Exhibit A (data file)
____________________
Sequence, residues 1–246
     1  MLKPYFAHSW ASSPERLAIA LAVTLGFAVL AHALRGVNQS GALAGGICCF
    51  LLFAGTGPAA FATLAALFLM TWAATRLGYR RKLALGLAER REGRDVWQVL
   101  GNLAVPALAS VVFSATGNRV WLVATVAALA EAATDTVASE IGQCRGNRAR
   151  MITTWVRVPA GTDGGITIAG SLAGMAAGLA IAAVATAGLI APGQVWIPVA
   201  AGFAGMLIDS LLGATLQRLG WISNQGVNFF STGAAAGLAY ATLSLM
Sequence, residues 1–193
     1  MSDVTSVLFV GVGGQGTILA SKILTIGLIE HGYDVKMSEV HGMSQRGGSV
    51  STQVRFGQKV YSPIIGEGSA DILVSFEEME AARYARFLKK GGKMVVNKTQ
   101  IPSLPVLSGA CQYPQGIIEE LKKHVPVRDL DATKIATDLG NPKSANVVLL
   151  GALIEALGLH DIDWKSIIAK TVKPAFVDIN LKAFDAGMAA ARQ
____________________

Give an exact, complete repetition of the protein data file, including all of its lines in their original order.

Sequence, residues 1–246
     1  MLKPYFAHSW ASSPERLAIA LAVTLGFAVL AHALRGVNQS GALAGGICCF
    51  LLFAGTGPAA FATLAALFLM TWAATRLGYR RKLALGLAER REGRDVWQVL
   101  GNLAVPALAS VVFSATGNRV WLVATVAALA EAATDTVASE IGQCRGNRAR
   151  MITTWVRVPA GTDGGITIAG SLAGMAAGLA IAAVATAGLI APGQVWIPVA
   201  AGFAGMLIDS LLGATLQRLG WISNQGVNFF STGAAAGLAY ATLSLM
Sequence, residues 1–193
     1  MSDVTSVLFV GVGGQGTILA SKILTIGLIE HGYDVKMSEV HGMSQRGGSV
    51  STQVRFGQKV YSPIIGEGSA DILVSFEEME AARYARFLKK GGKMVVNKTQ
   101  IPSLPVLSGA CQYPQGIIEE LKKHVPVRDL DATKIATDLG NPKSANVVLL
   151  GALIEALGLH DIDWKSIIAK TVKPAFVDIN LKAFDAGMAA ARQ